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Everybody hates inflation–even grocers | Fortune

Everybody hates inflation–even grocers | Fortune


“There are still too many corporations in America ripping people off,” President Biden said at a campaign event in South Carolina recently. “Well, it’s going to stop. Americans, we’re tired of being played for suckers.

It’s a growing concern among consumers that companies are taking advantage of them by keeping prices high for no good reason. But is that really happening in the grocery industry?

The full picture of the current state of grocery is more complex. Today, most American grocers are stuck between a rock and a hard place, unable to do what Biden is asking even if they wanted to.

Painting a fuller picture

To better understand grocers’ challenges, consider changing consumer behavior. American households are shopping around more, making regular purchases from multiple stores to get the best prices. In fact, 77% of grocery shoppers say they compare prices across stores, more than any other retail category.

Additionally, industry competition is stronger than ever. Mergers and acquisitions, like the pending deal between conglomerates Kroger and Albertsons, threaten to consolidate market share and push smaller regional grocers out of the picture.

Grocers face challenges from dollar stores, too: In late January, Dollar General announced it would begin selling produce at its 5,000 locations. And so grocers are clearly under pressure to compete on price.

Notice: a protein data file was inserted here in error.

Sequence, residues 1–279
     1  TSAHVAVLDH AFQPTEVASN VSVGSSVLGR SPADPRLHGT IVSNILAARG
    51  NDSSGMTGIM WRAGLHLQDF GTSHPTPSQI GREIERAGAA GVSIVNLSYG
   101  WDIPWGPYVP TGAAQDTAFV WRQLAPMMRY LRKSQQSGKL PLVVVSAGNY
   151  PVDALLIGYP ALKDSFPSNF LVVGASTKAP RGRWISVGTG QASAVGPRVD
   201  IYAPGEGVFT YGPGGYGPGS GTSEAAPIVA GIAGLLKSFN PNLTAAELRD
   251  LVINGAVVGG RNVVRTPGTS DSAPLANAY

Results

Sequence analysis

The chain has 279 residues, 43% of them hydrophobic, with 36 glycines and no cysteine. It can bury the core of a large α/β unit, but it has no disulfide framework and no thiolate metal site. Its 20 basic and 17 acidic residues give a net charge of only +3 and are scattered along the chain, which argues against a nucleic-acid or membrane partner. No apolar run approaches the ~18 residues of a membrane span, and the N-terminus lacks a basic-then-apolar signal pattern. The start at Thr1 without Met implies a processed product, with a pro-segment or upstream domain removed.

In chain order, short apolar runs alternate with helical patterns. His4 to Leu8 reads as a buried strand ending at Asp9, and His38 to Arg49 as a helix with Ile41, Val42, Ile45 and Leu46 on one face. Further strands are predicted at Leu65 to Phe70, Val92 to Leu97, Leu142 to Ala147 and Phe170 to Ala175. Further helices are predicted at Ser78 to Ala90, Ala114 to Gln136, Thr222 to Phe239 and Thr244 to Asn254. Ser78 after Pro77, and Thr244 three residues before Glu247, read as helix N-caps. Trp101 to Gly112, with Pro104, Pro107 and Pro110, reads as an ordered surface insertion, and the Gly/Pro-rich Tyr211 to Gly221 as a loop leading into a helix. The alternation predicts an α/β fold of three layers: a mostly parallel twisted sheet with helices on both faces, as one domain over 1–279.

In June 2023, The Feedback Group’s nationwide poll of 1,200 consumers revealed that shoppers thought their primary grocery store generated a 35% net profit margin on average–up from 33% the year prior.

However, consumers’ estimations are far off base. Supermarkets’ actual net profit has averaged closer to 1% historically. At its pandemic high, when grocery sales exploded amidst restaurant closings and quarantines, the margin rose to about 3%. That’s a far cry from the mid-30s assumptions shoppers are making. With such low profit margins across the board, reducing prices any further would force many businesses to close.

That’s because a significant chunk of gross profits–about 70%–goes towards paying off assets (mortgages, interest, rent) and store operations (staffing, accounting, utilities). Over the past few years, grocery store costs have increased faster than the prices they charge. Since January 2020, grocery prices are up by about 25%, while costs have increased more than 28%, according to the Bureau of Labor Statistics. Increasing rent,…

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